Rather than investing in new equipment, research and development or training, many firms have been stockpiling cash or returning it to their shareholders. Rather than soaring, and perhaps threatening employment, productivity growth looks to have slowed.

If the robots are indeed about to take over, this isn't yet at all visible in global productivity or investment data.

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Demographics matter

As I've written quite a lot over the last few months, many in financial circles are increasingly taking account of changing global demographics.

What's been called the Nangle-Goodhart thesis (after fund manager Toby Nangle and economist Charles Goodhart) argues that three multi-decade trends (weak wage growth, low interest rates and rising inequality) have been fundamentally driven by demographic factors: both a rising share of the population being of working age in the West and the entry of China into the global economy.

But the global glut of labour seems to be coming to an end. So, while new technologies have the potential to reduce demand for labour and push down the share of national income that goes into wages, a tighter global supply of workers could - potentially - counteract that trend.

As Toby Nangle blogged this week:

"There have been waves of concern stretching back pretty much forever about the degree to which technology will deliver mass unemployment and crippling real wage cuts, but these have all so far come to nothing. Meanwhile, there is a massive demographic transition coming through in front of our eyes, the upshot of which appears to me likely to deliver labour some bargaining power."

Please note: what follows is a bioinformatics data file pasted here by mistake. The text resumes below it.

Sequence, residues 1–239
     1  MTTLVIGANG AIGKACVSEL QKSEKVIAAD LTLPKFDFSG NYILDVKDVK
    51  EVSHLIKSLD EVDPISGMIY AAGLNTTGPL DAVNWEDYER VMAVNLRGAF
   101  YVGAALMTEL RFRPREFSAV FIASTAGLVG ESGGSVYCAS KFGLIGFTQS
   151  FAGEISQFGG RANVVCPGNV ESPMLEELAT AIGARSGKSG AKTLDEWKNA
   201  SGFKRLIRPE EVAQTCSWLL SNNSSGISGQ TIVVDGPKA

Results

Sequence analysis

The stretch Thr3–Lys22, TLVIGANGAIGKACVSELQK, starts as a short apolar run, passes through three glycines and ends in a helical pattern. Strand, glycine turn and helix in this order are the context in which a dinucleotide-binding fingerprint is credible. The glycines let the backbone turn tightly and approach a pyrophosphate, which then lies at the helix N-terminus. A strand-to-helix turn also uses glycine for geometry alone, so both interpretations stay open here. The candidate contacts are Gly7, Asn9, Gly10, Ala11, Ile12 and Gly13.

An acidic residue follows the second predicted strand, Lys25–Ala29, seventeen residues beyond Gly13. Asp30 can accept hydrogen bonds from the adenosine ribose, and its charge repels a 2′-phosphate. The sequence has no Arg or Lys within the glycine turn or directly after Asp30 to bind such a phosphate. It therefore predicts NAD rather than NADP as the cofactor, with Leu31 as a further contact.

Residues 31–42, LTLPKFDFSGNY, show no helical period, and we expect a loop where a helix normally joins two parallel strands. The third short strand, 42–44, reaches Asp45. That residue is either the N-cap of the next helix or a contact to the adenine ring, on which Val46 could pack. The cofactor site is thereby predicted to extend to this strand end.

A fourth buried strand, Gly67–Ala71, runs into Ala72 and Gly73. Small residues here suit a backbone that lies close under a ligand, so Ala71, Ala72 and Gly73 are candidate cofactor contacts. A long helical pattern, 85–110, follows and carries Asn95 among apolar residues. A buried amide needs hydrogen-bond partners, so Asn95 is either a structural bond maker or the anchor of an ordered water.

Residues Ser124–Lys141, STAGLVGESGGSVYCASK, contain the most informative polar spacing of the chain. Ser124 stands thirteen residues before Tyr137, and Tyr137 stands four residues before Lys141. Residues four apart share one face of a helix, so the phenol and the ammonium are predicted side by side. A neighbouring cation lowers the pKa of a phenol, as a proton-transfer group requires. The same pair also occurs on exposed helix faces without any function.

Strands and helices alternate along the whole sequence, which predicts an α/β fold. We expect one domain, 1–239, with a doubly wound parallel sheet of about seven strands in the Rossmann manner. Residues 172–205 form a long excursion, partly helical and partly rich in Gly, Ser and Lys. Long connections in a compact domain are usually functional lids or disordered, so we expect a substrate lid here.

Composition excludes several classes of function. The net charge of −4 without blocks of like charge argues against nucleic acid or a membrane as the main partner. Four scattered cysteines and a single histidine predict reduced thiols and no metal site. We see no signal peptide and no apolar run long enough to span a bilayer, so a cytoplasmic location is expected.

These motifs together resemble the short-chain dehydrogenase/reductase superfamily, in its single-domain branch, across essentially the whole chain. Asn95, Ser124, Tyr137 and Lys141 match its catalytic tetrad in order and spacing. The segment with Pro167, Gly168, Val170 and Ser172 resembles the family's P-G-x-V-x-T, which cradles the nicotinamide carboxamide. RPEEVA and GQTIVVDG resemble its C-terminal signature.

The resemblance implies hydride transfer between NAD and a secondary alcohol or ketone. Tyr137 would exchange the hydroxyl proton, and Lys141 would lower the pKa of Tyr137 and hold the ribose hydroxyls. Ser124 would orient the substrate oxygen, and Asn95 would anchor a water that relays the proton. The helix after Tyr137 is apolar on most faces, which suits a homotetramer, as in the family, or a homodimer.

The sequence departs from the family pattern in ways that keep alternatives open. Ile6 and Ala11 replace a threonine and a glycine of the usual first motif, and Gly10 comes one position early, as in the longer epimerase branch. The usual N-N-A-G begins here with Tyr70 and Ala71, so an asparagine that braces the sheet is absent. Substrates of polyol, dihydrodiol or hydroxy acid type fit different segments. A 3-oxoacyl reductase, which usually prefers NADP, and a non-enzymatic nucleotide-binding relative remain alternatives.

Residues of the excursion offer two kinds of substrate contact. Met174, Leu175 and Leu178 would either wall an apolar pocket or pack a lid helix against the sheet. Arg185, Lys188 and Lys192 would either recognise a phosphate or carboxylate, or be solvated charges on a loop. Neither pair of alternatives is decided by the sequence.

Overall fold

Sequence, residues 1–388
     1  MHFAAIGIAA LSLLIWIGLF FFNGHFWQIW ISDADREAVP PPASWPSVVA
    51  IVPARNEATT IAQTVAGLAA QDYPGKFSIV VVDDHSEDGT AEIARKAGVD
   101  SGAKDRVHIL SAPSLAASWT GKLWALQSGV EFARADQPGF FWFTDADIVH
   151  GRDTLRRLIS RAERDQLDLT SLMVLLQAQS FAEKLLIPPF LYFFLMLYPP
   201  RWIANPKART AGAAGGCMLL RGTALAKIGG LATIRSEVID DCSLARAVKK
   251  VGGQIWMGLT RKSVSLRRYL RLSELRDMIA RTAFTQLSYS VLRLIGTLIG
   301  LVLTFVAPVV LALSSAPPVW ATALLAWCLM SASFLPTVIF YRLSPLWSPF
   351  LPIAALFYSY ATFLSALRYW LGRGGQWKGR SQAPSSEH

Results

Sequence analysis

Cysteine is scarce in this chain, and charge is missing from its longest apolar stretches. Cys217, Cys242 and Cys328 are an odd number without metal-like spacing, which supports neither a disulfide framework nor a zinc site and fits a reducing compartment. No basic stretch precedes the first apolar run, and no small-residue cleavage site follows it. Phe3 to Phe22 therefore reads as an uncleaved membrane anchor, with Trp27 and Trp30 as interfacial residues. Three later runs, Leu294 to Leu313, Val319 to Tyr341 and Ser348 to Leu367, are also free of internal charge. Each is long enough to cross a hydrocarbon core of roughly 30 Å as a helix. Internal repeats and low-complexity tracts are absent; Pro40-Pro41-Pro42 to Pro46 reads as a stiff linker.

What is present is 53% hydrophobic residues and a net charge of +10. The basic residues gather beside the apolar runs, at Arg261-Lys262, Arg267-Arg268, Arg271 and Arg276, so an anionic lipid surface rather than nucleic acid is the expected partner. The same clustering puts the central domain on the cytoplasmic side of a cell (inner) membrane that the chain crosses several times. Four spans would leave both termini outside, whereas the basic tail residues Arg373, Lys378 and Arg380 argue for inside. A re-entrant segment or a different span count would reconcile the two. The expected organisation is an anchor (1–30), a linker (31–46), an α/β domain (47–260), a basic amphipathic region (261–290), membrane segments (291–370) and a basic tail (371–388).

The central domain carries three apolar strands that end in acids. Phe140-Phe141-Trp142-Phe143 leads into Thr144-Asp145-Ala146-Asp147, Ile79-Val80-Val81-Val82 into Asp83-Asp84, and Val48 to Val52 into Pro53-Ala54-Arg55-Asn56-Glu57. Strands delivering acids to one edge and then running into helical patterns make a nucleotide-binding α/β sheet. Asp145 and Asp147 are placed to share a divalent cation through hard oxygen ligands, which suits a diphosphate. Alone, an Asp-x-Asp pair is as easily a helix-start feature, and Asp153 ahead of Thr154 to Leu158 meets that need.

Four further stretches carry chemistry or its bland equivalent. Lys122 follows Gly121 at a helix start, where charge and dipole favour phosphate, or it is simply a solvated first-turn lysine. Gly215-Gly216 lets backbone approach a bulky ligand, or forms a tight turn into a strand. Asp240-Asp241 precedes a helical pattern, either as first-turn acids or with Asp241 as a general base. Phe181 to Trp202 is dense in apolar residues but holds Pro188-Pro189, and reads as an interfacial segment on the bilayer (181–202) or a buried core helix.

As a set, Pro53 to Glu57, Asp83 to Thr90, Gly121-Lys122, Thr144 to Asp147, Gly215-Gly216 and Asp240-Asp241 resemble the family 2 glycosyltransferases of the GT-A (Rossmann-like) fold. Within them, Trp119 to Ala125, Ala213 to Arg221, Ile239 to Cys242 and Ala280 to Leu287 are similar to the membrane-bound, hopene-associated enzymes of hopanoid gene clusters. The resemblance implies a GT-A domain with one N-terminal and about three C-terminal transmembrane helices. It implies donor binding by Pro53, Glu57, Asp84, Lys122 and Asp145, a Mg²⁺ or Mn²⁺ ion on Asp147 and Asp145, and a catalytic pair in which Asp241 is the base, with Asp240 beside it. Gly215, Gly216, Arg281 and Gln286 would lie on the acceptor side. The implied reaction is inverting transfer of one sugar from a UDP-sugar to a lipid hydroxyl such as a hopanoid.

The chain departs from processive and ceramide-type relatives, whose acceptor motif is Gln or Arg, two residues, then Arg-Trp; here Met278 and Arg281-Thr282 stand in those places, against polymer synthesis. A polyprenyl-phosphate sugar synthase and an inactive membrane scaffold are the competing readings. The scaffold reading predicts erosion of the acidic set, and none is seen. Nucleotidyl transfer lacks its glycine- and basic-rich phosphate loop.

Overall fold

Image copyright Reuters
Image caption Will the next generation find that robots complement the human labour market?

One can even take this further. We are transitioning to a world in which the global supply of labour is less plentiful. Meanwhile, those new workers will have to support a seemingly ever rising number of older, retired people.

In other words, it is possible to worry that the "robots" aren't taking enough jobs. That unless we see big increases in both labour-saving technology and in productivity, then the world faces a future of slower growth and an ever greater share of current workers' incomes will be used to support the retired.

Will one trend trump the other? Or will they cancel each other out? Will a slowing supply of workers push up their share of national income or will increased automation favour capital (and its owners)? And if we get the demographic change that many are predicting, will it really lead to gains in wages and if it does, how much of that gain will be swallowed up by caring for the elderly?

The answer to most of those questions will ultimately be decided by political factors and influenced by what Nangle calls "bargaining power", something which is very hard to predict.

The story of the changing labour share of national income is more than the bloodless interaction of supply and demand curves. Over the longer term, politics matters and political economy is just as important as straight macroeconomics.